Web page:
Chickening Out on Health

I’m proud to announce that my parents might be on the cutting edge of health care reform.

This is a convoluted story but follow along,  it’s worth it.

I was at my parents’  house in West Rutland Sunday. I did some spring tidying  in their yard. I was working away, when from inches behind me a loud “becaw BECAW!!! erupted, I jumped and dropped my rake. I chicken had snuck up behind me. It was a real Far Side moment.

The reason I bring this up is because of a real out of the Kentucky Fried Chicken box thought from Nevada Republican Senate Candidate Sue Lowden. She suggests we can control health care costs by bartering. You know,  like they used to do in the olden days. You go to the doctor, and if you have no cash, you can offer him a chicken or something like that.

That’s where my parents and the chicken come in. They can capture the stray chicken that hangs out in their yard. Next time my dad’s arthritis acts up, he can seize the chicken and bring it to his doctor.  Think of the money he will save.

I’m really proud of Americans like Lowden, who solve a national problem by really take the bull by the borns. Or at least the hen by the beak.

  We should have never had that complicated Congressional debate over health care reform. We should have just listened to Lowden.

Faced with such creative thinking, I’m really hesitant to raise any questions, but I might introduce a few tiny concerns anyway.

A day old live meat chicken costs anywhere from 20 cents to $5, according to Wiki Answers.  Health care is expensive.  So it would take a lot of chickens to pay for medical care.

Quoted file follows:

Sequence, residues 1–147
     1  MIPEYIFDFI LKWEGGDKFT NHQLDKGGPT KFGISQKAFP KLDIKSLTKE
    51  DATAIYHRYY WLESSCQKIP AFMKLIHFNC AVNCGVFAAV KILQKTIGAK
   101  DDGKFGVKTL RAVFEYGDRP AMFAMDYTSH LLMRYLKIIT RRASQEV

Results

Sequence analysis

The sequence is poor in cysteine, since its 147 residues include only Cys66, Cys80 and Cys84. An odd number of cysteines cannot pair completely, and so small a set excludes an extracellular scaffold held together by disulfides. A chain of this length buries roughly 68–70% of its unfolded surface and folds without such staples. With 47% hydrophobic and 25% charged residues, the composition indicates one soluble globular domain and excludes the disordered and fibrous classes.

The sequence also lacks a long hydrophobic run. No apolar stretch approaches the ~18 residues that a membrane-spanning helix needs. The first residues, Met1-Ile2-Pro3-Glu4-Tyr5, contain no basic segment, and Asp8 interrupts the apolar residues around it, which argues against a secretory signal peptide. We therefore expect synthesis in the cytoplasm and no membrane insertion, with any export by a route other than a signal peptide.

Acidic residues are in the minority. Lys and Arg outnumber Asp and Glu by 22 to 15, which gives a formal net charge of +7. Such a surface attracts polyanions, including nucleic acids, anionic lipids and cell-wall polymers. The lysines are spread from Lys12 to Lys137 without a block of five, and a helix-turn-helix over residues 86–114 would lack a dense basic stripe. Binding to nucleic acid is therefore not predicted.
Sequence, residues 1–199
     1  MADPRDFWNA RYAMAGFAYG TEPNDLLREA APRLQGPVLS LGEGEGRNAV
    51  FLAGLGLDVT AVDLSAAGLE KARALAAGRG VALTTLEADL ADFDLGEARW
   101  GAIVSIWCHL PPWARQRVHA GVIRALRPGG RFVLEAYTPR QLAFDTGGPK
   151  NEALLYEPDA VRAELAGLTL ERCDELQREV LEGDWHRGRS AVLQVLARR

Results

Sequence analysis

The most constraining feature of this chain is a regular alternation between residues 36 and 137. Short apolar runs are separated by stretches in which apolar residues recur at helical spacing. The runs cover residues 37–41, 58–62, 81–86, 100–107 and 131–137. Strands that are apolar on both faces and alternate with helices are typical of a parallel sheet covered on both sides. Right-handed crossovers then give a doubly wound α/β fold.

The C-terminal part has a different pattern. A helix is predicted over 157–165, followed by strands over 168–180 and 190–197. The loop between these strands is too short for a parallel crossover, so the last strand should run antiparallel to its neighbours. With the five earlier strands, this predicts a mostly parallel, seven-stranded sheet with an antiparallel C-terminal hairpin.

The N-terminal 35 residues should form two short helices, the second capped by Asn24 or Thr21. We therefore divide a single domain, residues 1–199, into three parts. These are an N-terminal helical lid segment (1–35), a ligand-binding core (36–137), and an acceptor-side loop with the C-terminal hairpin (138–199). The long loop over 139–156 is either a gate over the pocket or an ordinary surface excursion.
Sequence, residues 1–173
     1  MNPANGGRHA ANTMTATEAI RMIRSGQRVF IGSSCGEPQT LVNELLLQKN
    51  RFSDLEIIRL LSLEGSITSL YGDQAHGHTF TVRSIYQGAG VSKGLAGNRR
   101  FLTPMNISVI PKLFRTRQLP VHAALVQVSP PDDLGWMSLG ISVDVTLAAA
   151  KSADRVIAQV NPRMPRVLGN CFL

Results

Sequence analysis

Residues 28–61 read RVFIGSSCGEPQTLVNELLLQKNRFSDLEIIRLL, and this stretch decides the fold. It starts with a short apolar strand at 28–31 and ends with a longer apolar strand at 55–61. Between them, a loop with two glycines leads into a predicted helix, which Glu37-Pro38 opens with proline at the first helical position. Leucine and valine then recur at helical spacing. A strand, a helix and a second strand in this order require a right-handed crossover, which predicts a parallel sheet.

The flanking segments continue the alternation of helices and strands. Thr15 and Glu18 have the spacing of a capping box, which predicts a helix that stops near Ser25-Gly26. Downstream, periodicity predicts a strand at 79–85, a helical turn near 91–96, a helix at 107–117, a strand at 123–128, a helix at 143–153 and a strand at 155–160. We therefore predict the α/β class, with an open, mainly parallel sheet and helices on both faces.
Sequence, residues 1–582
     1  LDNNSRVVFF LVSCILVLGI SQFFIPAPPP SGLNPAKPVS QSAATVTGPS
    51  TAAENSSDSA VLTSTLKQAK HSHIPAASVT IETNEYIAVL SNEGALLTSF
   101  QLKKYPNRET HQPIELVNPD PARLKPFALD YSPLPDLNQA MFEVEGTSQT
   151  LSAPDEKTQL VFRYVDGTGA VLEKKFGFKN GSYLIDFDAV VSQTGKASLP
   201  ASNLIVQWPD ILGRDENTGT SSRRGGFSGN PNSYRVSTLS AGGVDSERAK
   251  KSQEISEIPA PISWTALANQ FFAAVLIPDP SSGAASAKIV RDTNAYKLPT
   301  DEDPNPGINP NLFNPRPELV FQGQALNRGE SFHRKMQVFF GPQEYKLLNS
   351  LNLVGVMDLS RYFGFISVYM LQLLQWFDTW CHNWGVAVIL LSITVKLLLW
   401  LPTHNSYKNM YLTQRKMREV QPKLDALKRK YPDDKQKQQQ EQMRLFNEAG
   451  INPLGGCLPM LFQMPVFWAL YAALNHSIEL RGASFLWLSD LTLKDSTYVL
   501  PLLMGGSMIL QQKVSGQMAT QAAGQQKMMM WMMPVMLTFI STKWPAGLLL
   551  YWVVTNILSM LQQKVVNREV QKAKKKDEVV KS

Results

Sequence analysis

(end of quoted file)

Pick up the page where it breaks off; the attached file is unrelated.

Say live chickens cost $2 a piece. Last year, I had a medical problem that cost me about $1,800 out of pocket, with insurance covering the rest. So I would have had to come up with 900 chickens to pay my bill.

My friend Denis drove me to have my surgery done one day last September.  He was extremely kind to drive me, but I’m not sure he would have been enthusiastic if I asked him to cram 900 live chickens into his midsize sedan as we set off for the hospital.

Once we got there, where would they put the 900 chickens?  Plus, many other people were having expensive surgeries that day. We’re talking about thousands of chickens.

My surgeon and the hospital staff did an excellent job of resolving my condition. I’m not sure I would have been as confident in my care had there been dozens of chickens wandering around the operating room. Then again, maybe I’m just being paranoid.

Also, what does the hospital do with all those chickens? They can sell them, but would chicken processing giant Tyson Foods object to the medical industry usurping their turf?  Anyway, somebody has to process all those chickens into food. Lots of it.

I’m told that the U.S. spends $2.3 trillion on health care annually.  That’s a lot of chicken. I like chicken, but I’m not sure I can eat that much of it.  And if we all get fat overeating chicken to support the health care system, won’t all that obesity create new pressures on our health care system?

Also, there are also quite a few vegetarians out there. Do we deny them health care because they will probably refuse to bring chickens to their doctors when they need medical help? Maybe vegetarians can offer their doctors tofu instead.

How does the health insurance industry deal with all these chickens?  Would the big city skyscrapers housing these insurance companies become really, really tall chicken coops?

All these questions I have are just picky little details, I realize. We can work these problems out. So congratulations to Sue Lowden for finally delivering us from the health care mess. She played chicken with a national crisis and won.

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